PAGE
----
The gas tax is likely safe for now. And that’s the problem.
By Brad Plumer,
Despite recent rumors to the contrary, Congress is likely to extend the gas tax this fall. And that could end up being precisely the problem.
This week, Politico’s Ben Smith and Byron Tau raised the possibility that Republicans could try to thwart an extension of the federal gas tax when it (largely) expires Sept. 30. “The White House is going to make a move to renew it,” former RNC spokesman Doug Heye told Politico. “We’ll see — but there will be Republicans who will be resistant to that.” Grover Norquist even made some grumbling noises.
At least for now, however, most transportation-funding advocates are sanguine that Congress will renew it. “Anything’s possible, but even as crazy as things have gotten, I have a hard time seeing them let the gas tax lapse,” says David Goldberg of Transportation for America. After all, the tax, currently 18.4 cents per gallon, provides an enormous pot of money for transit and highways. And highways are popular — the 2005 transportation bill passed with overwhelming bipartisan support. (On the other hand, that bill was heavily greased with pork — remember the Bridge to Nowhere? — and Congress’s new earmark ban could make it tougher for appropriators to buy off support for a highway bill.)
The more pressing worry, transportation wonks say, is what happens if the gas tax does get renewed. The 18.4-cents-per-gallon tax is already inadequate to fund current infrastructure obligations, not least because, in recent years, Americans have been driving less and buying more fuel-efficient cars. The good news is that we’re using less gasoline. The bad news is what that does to highway funding. In 2008, Congress had to kick in $8 billion to keep the Highway Trust Fund solvent. And the trust fund’s finances will continue to deteriorate in the years to come, according to the CBO:
By 2018, the trust fund is projected to be short $80 billion. That’s the context for the coming showdown on transportation funding this fall. In the House, Rep. John Mica has put forward a transportation reauthorization bill costing $230 billion over six years — essentially a 33 percent cut from current levels. State officials are already complaining that that won’t even come close to meeting America’s infrastructure needs. (One example of our crumbling roads, courtesy of Transportation for America: The average bridge in America is about 42 years old. The average bridge’s lifetime? 50 years.) That’s because House Republicans want transportation funded solely from the ever-dwindling gas tax.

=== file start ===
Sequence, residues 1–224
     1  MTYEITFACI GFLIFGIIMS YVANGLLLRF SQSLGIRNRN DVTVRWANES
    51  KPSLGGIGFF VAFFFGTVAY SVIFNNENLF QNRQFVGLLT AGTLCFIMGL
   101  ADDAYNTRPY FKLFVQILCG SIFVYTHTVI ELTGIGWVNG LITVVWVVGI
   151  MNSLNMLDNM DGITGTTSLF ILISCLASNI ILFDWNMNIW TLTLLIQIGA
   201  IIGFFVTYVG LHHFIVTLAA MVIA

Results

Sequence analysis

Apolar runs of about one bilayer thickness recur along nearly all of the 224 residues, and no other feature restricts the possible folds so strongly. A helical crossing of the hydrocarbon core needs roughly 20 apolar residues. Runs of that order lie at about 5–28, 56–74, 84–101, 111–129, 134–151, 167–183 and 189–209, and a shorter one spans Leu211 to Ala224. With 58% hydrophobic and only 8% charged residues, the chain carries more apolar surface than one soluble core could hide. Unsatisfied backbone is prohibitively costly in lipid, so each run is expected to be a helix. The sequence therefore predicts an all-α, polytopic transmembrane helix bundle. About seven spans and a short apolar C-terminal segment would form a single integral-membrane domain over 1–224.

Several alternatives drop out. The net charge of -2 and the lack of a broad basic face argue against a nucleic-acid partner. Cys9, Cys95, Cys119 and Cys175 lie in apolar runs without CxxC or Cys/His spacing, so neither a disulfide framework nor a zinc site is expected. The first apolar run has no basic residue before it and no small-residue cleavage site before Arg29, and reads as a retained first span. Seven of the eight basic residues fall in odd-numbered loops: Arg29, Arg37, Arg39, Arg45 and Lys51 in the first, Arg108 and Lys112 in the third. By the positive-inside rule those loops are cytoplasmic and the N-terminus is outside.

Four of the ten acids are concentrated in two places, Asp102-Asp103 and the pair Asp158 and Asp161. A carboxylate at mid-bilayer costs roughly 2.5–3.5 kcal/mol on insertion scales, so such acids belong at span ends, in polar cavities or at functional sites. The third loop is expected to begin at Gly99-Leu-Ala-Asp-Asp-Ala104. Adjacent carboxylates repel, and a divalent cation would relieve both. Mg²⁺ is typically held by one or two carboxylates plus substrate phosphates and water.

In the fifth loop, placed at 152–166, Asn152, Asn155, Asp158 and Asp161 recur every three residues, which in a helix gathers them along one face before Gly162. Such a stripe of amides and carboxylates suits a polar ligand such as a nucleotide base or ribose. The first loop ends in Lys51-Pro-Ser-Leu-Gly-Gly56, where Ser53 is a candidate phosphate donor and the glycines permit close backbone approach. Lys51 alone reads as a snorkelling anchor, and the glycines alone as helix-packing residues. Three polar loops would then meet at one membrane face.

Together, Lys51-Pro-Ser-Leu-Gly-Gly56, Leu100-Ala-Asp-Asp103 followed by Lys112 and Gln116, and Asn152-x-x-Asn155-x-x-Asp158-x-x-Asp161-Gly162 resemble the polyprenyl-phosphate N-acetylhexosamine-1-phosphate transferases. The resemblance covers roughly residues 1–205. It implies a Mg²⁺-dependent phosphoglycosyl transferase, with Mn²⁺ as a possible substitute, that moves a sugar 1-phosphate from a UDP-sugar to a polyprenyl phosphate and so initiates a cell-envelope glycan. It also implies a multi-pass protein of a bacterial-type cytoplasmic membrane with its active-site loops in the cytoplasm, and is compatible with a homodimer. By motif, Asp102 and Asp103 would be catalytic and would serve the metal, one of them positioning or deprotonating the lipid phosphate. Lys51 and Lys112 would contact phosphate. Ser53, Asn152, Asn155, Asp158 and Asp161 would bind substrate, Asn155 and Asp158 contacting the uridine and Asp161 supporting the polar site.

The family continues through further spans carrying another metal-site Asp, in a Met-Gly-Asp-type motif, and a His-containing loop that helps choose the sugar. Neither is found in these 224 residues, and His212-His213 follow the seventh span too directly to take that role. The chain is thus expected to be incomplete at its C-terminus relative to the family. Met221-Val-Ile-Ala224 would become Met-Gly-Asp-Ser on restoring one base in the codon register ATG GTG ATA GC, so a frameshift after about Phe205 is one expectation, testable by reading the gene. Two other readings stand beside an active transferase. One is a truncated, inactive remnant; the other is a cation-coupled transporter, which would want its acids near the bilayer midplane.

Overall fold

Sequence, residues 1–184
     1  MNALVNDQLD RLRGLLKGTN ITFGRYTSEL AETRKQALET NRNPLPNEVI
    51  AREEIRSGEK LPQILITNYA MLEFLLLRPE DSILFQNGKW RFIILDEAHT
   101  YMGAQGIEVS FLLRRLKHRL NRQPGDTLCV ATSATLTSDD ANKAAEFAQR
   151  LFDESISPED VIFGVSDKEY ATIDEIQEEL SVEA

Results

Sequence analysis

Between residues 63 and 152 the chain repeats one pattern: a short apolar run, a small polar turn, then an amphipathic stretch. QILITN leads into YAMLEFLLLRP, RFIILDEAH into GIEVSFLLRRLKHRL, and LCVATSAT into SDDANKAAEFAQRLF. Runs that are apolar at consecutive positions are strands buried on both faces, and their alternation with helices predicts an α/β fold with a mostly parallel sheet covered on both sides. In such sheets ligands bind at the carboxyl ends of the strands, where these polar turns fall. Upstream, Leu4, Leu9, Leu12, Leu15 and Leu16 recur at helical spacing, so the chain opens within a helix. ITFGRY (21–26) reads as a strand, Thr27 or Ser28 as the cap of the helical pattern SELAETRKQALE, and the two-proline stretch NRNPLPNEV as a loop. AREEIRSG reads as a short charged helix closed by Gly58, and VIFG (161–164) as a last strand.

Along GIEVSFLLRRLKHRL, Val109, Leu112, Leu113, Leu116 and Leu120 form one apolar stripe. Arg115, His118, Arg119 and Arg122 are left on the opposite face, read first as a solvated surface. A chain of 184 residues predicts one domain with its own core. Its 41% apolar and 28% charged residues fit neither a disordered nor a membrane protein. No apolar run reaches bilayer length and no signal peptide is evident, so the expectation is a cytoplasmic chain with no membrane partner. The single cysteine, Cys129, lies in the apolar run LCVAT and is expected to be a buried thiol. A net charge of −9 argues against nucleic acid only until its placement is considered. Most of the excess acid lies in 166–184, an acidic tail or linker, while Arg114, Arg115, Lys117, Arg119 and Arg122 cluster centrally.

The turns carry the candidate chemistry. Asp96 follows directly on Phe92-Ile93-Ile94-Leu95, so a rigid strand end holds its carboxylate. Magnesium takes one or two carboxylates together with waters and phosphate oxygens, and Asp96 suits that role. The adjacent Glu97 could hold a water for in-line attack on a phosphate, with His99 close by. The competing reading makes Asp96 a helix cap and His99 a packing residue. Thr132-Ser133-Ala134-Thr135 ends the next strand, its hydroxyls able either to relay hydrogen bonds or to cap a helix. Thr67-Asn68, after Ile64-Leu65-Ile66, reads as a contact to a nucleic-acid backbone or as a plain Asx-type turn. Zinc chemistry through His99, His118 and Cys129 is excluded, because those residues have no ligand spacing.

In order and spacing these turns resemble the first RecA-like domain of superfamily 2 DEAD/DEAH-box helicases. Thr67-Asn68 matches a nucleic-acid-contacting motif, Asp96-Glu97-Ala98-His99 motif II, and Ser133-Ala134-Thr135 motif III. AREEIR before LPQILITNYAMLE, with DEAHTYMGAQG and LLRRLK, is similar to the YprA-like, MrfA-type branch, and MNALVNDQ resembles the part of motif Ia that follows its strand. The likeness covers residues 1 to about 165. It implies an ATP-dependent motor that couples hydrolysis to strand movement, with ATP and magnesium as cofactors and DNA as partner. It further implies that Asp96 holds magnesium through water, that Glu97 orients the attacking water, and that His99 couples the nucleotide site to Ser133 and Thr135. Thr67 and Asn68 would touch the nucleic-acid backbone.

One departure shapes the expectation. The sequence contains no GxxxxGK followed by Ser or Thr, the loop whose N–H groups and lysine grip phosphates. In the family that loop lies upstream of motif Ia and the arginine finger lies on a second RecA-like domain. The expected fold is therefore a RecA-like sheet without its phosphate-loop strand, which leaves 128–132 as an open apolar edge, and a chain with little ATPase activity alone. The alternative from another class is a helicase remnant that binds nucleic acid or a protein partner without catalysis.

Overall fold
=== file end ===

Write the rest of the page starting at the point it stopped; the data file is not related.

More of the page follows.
In the Senate, meanwhile, Barbara Boxer has proposed keeping funding at current levels for two years, until the recession subsides and Congress can get a clearer picture of its finances. But that sets the stage for a showdown with the House, and it’s still unclear how the two chambers can possibly reconcile.
Even some Republicans — Mica, in particular — admit that the funding situation has become untenable. But no one seems to know what to do about it. One obvious possibility would simply be to raise the gas tax. Ronald Reagan did that in 1982. George H.W. Bush did it in 1990. Bill Clinton did it in 1993. But then Congress balked at raising the tax during the George W. Bush years and it’s been stuck at 1993 levels ever since. Right now, fees on drivers and transit users cover just 66 percent of all transportation expenses.
Alternatively, Congress could find a different funding stream for transportation. One idea is a vehicle-miles traveled tax, which would track driver habits via GPS and charge per mile driven. (The White House floated this notion earlier this year and then retracted almost immediately.) Another is to charge some sort of congestion fee on overclogged highways — an idea that Tyler Duvall, a former Bush administration official, endorsed in National Affairs. Mica, for his part, has suggested extending the Build America Bonds program that was part of the stimulus. A bipartisan team affiliated with the Carnegie Endowment has proposed an upstream tax on oil combined with a variable gas tax that shrinks when oil prices rise and expands when oil prices plummet. But few of these ideas have gained traction in Congress. Which means fights over transportation are only going to intensify.